Well, after that one launched, I got an email from a guy who said that he was LiveJournal friends with his daughter, and they'd both taken the quiz and now he'd found, much to his creeped-out-ness, that the person they were each most sexually compatible with was the other. This guy wasn't so much asking me for any advice, but he stated that he didn't think his daughter had seen it yet (she'd taken the quiz first, so she'd seen the graph with her and her friends in it but not him) so he hoped that if he deleted his LJMatch account now and never spoke of it, presumably it would then not show up in her results if she later refreshed, and this ought to teach him not to participate in those stupid LiveJournal memes.

I didn't even try replying to that one.

3) Anecdote the Third

The whole "business model" of the site was that it didn't show your real name or LiveJournal name to other users, and thus interdicted at the point of contact. It would also scrape a bunch of entries from your journal, scan for any strings that matched your name or journal name, exclude those entries, and display the rest of the content (thus roughly anonymized) to people browsing profiles. You could buy "credits" via PayPal that would enable you to send messages to people and contact them, and later I implemented an unlimited monthly pass. It was all pretty cheap; the cheapest credits package was like only $5. It was the bottom of the recession then, so I didn't particularly feel like I should rely on an ad-supported revenue model (especially as Google hadn't yet brought AdSense to the world).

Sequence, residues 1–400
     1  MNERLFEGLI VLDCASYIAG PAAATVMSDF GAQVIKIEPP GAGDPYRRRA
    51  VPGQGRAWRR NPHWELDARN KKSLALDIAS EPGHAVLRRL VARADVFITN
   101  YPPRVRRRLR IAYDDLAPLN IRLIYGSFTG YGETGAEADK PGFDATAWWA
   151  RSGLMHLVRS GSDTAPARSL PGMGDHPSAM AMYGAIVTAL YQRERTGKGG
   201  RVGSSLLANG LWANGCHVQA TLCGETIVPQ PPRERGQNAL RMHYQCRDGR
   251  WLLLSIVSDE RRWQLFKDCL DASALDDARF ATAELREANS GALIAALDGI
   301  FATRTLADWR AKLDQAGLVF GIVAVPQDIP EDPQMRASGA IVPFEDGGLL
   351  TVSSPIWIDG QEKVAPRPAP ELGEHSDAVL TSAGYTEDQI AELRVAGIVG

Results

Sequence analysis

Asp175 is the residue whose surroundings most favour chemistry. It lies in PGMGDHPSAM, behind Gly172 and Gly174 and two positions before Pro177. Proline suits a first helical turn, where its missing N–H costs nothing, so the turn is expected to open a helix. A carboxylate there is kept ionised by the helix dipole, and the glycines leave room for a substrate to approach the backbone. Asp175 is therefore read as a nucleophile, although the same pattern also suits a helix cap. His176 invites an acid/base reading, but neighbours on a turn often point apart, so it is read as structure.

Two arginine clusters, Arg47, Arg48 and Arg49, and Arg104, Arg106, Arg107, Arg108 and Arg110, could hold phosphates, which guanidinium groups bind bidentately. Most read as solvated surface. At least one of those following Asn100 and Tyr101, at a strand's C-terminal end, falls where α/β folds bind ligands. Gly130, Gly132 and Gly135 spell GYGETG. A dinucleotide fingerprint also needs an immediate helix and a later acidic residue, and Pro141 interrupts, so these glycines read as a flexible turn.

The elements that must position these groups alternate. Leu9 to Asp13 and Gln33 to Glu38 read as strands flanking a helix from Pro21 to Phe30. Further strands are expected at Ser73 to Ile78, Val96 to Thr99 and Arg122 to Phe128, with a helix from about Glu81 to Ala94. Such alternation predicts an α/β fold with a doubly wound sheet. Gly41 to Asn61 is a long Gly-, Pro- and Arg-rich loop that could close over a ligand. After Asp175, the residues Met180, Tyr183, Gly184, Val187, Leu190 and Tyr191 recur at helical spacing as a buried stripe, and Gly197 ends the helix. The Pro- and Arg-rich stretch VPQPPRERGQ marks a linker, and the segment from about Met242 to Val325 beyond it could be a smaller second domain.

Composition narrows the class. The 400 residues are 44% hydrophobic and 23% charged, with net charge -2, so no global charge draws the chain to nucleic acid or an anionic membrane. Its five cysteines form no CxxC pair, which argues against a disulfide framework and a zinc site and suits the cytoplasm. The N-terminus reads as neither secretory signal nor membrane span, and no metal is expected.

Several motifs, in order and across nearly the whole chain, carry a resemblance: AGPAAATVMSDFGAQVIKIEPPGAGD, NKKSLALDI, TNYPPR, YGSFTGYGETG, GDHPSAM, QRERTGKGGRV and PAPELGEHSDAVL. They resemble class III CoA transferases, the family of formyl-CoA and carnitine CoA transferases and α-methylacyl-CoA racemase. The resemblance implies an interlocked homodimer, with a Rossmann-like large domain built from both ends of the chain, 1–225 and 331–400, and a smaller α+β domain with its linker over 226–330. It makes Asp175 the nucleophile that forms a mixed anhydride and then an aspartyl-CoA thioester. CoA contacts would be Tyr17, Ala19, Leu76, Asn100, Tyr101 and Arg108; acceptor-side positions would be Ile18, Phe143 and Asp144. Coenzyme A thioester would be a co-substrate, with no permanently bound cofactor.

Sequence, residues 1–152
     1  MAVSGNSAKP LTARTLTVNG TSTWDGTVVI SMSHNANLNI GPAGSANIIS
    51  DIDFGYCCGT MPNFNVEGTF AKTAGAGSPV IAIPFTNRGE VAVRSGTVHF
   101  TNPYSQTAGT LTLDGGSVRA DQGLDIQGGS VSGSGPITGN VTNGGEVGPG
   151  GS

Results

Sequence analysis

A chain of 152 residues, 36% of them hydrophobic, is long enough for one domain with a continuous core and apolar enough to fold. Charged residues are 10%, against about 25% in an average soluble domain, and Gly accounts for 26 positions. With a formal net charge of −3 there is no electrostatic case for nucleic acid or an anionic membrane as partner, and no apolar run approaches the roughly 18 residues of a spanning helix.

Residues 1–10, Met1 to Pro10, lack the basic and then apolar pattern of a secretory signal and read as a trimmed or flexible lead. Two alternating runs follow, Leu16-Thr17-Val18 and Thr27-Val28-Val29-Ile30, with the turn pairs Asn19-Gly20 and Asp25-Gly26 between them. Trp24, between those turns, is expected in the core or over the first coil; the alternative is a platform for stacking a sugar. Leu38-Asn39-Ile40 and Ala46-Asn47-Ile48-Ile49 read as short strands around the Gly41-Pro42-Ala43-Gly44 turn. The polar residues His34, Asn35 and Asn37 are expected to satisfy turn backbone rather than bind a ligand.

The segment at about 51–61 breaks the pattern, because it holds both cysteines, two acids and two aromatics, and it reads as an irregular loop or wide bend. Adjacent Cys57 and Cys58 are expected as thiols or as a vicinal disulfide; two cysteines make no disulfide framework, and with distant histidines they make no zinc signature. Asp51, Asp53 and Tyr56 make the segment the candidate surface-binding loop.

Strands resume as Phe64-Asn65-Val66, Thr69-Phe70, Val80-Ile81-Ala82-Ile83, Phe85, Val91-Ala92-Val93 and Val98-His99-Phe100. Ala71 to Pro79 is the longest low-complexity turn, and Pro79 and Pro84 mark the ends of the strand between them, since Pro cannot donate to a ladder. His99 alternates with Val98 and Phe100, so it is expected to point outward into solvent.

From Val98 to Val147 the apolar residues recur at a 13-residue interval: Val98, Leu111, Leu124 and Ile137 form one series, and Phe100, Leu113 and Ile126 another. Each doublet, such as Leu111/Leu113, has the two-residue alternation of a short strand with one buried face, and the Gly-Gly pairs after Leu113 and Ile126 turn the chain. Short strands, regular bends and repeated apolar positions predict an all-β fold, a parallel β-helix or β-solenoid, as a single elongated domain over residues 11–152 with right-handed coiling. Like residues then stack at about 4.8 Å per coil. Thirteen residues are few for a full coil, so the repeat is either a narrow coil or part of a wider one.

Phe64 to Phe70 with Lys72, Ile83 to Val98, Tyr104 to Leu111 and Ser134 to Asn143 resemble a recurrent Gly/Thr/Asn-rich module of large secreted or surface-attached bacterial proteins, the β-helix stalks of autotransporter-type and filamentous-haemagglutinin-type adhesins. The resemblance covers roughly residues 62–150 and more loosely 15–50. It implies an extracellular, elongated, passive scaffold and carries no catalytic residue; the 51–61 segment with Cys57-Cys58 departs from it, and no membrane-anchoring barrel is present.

Occasionally, people would try to cheat the system by putting their names in their profile descriptions, so by default the system would place any new or updated profiles in a queue to be manually-reviewed by a human before being displayed in full. I built an admin interface for Kimberly (the main human reviewer) to scan the profiles.

There is this guy that I kind of know (not personally, but many people I know have met him) who is kind of an internet-famous douchebag, or tries to be. He maintains an ornate and custom-styled LiveJournal and fills it with entries implying how awesome he is, and generally tries to get around a lot (on the internet!) and be seen at parties. He likes to date younger women (he's in his 30s, I think) so LiveJournal's teen demographic was a bit of a hunting ground for him. He's a financial advisor of some sort and apparently read some guide to getting women somewhere that taught him a magic trick for parties (a friend of mine who had the dubious luck of being at a party where he showed up directly witnessed this) that involves keeping a couple hundred dollar bills in his wallet and pulling them out and doing a trick with them, with the real point being that you are flashing this money around to show women them how rich you are, because you carry around hundred-dollar bills.